SMITH, William I (d.1591), of Wells, Som.
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Family and Education
Freeman, Wells 1555, master of guild of merchants 1567, 1576.
There were two contemporary William Smiths at Wells: one, a capper, became a freeman in 1555 and the other, a tailor, in 1558.3 The former, who is the 1586 MP, was one of the pledges when the latter became a freeman. Smith twice held an office equivalent to that of mayor at a time when Wells was struggling to free itself from the domination of Bishop Berkeley, and in 1576 the dissension between the bishop and the borough came to the notice of the Privy Council, who held an inquiry. The bishop thereupon required Smith
to lay down and not use and carry abroad before him his maces within the said borough until the matter in question was tried in law or otherwise determined
but Smith refused. It was eventually agreed that the bishop, for a price, would waive his claims and the city be granted a new charter. When the bishop tried to resile from his agreement, the Privy Council ordered him to perform it, ‘in consideration that many disorders are grown by means of that controversy within the town of Wells’.4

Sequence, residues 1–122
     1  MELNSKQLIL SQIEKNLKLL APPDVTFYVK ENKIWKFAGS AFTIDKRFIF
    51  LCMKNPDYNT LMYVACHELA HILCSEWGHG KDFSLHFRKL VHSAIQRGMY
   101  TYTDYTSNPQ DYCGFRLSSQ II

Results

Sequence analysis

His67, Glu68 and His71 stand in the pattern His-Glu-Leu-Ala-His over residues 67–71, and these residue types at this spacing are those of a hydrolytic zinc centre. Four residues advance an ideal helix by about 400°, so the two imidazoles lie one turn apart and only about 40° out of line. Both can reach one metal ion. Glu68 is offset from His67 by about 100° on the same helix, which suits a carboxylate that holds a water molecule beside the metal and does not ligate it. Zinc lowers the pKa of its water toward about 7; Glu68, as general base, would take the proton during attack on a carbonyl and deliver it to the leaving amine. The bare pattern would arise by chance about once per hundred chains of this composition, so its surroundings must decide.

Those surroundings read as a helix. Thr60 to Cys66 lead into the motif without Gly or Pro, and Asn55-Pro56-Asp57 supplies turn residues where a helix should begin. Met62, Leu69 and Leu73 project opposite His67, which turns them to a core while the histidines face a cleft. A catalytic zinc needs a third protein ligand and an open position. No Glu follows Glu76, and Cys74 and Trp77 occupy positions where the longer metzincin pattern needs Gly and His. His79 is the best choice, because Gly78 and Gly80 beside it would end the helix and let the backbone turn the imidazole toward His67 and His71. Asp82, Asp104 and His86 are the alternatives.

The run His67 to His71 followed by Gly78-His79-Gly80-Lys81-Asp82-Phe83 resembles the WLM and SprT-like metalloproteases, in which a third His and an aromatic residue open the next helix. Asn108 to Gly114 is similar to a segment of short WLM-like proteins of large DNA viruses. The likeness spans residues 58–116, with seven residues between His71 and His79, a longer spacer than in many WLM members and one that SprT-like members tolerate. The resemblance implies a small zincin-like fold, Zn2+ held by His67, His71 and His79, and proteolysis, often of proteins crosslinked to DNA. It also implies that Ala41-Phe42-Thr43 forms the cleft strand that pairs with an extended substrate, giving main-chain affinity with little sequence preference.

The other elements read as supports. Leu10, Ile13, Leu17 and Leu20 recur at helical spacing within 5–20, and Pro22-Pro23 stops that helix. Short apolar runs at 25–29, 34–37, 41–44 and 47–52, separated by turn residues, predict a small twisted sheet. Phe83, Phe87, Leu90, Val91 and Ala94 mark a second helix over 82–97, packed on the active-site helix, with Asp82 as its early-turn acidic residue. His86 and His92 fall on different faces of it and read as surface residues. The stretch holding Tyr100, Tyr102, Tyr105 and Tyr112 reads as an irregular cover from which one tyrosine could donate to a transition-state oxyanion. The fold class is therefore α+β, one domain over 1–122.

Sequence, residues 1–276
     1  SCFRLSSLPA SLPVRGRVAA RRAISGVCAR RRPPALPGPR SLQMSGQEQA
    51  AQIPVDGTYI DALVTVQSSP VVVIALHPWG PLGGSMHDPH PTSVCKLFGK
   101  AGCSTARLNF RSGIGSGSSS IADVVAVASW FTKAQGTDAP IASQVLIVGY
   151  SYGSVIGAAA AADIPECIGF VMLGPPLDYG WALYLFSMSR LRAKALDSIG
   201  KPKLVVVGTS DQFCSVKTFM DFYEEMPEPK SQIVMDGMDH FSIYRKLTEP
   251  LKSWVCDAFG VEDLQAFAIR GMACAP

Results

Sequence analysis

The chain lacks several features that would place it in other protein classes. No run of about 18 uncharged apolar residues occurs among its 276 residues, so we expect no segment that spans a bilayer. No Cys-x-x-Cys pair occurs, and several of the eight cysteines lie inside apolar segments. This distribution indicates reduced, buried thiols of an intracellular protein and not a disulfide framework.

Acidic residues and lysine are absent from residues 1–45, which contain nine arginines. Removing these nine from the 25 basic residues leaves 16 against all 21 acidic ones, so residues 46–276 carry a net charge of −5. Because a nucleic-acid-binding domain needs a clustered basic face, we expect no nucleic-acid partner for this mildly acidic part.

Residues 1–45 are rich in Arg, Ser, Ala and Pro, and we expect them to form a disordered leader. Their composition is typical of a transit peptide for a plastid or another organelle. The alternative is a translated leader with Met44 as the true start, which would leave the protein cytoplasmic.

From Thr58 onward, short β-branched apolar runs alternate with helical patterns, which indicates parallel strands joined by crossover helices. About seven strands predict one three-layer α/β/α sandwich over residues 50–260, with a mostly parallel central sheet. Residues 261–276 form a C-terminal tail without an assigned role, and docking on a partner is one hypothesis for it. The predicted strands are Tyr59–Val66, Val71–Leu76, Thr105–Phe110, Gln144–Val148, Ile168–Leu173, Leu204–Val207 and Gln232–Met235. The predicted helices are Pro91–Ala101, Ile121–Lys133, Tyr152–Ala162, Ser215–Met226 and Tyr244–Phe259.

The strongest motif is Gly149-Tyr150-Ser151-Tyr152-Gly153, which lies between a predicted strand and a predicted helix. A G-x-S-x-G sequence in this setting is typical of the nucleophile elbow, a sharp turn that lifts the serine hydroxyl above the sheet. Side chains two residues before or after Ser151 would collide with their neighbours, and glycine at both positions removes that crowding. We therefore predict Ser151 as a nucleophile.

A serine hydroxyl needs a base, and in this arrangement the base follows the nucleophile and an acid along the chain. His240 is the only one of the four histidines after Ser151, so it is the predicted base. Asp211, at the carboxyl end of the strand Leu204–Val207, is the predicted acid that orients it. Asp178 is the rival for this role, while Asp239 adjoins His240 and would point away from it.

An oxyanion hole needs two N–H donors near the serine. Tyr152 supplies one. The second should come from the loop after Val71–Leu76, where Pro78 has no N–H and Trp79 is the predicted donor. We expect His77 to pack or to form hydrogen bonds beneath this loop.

Smith died in 1591. His will5 contains bequests to the poor of Wells as well as to his children, his nephew and ‘Thomas Smith of Lichfield my brother’. He asked to be buried in St. Cuthbert’s church beside his late wife, and affirmed his hope of forgiveness through the blood of God, which would bring him to rest with the elect saints for ever.